A taxing deal?
I have learned that the Conservatives will not implement a key part of their National Insurance tax cut next year, in order to make a start on raising the main income tax threshold to £10,000 a year.
Confirming what Robert Peston reported earlier, the Conservatives have indeed taken on this Liberal Democrat pledge as a priority on tax for a Conservative-Lib Dem coalition. This is how they plan to show they are in good faith.
Remember that Labour has put in train a rise in both employer and employee National Insurance from next year. This tax rise was always going to go ahead under the Conservatives. But to prevent it from affecting most taxpayers, they had pledged to raise the threshold at which both employers and employees pay national insurance.
Now, as part of the agreement with the Liberal Democrats, they are going to only raise the employers' threshold - and use the money saved to raise the basic income tax threshold instead.
I'm told that this increase in the allowance will be significant, costing more than the rise in the employee threshold which it replaces - though nothing like the nearly £17bn it would cost to go all the way to £10,000. They will need to raise money from somewhere else as well, but the bulk of the money will come from not implementing that piece of their national insurance cut.
For many taxpayers, the difference will be fairly academic. True, pensioners who earn more than the current income tax threshold but don't pay national insurance will benefit more from the income tax change. But their income tax allowance is high already, so it won't be big money.
But clearly, this was an important symbolic concession for the Liberal Democrats.
Contrary to some reports, I am told that the Conservatives have stuck to their guns on the modest tax cut for married couples in the Tory manifesto, but the inheritance tax cut is indeed firmly on the back burner .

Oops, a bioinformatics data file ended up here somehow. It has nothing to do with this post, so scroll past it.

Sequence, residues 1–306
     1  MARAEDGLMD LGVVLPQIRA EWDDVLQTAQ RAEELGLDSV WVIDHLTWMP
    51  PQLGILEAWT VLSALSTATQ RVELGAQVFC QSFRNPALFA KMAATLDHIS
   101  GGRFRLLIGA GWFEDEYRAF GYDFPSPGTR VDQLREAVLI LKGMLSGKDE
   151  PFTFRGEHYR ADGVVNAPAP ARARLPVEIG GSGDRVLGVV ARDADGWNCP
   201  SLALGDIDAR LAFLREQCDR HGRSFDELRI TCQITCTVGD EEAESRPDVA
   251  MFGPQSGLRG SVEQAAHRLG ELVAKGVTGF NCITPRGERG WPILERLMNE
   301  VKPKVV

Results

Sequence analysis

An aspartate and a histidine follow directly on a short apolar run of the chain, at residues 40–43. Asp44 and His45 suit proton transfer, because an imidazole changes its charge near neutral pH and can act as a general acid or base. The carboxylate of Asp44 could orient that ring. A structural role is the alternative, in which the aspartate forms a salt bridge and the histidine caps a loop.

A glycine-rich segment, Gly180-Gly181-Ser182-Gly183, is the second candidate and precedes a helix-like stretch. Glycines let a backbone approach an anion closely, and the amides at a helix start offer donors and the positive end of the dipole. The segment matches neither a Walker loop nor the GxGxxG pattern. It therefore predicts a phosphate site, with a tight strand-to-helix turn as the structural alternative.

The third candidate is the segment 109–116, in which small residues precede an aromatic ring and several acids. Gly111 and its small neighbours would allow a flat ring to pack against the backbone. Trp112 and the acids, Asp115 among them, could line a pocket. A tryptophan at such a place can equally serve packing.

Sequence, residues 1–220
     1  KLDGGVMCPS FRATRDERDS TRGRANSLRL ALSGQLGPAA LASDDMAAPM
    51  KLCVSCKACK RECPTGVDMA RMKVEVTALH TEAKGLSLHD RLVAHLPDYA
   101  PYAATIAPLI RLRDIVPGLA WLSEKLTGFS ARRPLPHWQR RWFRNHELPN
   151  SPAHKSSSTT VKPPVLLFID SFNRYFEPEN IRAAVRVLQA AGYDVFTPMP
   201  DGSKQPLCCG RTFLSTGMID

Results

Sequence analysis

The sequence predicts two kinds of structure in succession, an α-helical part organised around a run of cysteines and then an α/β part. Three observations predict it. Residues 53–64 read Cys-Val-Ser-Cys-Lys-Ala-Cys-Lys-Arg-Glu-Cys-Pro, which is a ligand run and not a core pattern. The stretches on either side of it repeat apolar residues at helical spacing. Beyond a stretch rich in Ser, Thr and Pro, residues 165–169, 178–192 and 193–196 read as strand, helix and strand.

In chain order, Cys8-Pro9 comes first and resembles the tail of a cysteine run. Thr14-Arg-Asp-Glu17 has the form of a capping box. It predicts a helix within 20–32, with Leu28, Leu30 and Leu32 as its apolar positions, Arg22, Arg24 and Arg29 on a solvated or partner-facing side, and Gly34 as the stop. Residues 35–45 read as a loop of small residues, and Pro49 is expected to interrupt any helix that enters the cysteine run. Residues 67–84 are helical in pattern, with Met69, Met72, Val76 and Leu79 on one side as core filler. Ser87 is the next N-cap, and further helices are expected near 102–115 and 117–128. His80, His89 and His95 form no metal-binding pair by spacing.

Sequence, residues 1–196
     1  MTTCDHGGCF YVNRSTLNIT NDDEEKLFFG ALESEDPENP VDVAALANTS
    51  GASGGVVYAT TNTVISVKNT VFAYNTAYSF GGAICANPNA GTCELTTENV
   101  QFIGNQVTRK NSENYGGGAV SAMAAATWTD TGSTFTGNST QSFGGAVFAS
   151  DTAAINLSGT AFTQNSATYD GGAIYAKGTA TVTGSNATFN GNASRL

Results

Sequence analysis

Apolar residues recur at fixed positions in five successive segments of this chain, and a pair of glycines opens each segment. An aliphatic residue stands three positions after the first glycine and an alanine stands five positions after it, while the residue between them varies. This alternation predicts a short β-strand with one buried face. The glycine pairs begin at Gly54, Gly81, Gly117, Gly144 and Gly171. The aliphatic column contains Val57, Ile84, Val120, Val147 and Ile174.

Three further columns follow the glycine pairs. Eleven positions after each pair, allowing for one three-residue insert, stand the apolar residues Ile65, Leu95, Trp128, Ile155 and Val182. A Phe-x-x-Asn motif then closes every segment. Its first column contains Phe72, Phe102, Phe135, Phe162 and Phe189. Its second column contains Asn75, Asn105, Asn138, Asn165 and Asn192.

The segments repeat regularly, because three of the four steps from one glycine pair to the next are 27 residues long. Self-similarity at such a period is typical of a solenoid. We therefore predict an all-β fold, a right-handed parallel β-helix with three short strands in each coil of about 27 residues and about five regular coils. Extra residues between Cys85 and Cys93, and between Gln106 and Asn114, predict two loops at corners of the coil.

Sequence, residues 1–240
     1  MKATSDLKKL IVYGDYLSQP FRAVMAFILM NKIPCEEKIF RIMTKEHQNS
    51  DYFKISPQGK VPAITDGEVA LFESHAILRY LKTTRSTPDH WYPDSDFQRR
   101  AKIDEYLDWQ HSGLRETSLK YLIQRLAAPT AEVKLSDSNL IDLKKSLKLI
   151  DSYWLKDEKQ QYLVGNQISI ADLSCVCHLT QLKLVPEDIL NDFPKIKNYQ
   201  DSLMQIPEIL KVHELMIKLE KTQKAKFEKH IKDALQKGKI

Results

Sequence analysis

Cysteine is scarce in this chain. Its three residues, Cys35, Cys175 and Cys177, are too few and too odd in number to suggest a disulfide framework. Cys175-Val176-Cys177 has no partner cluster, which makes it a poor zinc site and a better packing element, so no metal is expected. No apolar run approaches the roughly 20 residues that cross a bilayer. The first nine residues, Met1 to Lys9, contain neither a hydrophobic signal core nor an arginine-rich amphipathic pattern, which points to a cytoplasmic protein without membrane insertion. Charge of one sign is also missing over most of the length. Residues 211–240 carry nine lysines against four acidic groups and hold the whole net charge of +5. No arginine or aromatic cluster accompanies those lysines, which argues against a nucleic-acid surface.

As previously indicated, the Tories have stuck to their guns on the commitment to cut public spending by at least £6bn more than Labour was planning in 2010-11 - my sense is that it could end up being more than that.
They never seriously contemplated rowing back on this crucial part of their USP for the financial markets. But there has been some form of assurance that the cut will not go ahead in full, if the economy drastically weakens in the next few months.
Vince Cable can draw comfort from this, and perhaps even more from today's encouraging news about manufacturing output.
As a result of the new output figures for March, the first estimate for growth in the first three months of 2010 is likely to be revised up. Indeed, for all the talk, this recovery is starting to look rather like past rebounds.
We might have hoped for something better, after an unusually steep downturn, but the news is reassuring all the same. In terms of rhetoric, it will help the Liberal Democrats make the case that a £6bn additional spending cut may not be, er, quite as cataclysmic as previously claimed.
Come to think of it, I guess Vince Cable will also have to rethink his scathing assessment of the Conservatives' promise to find an extra £12bn in efficiency savings this year. But something tells me that won't be the greatest piece of fancy footwork demanded of him and his Liberal Democrat colleagues in the weeks to come.
Now we wait to hear what the Governor of the Bank of England decides to say - and not say - about all this at his press conference tomorrow morning.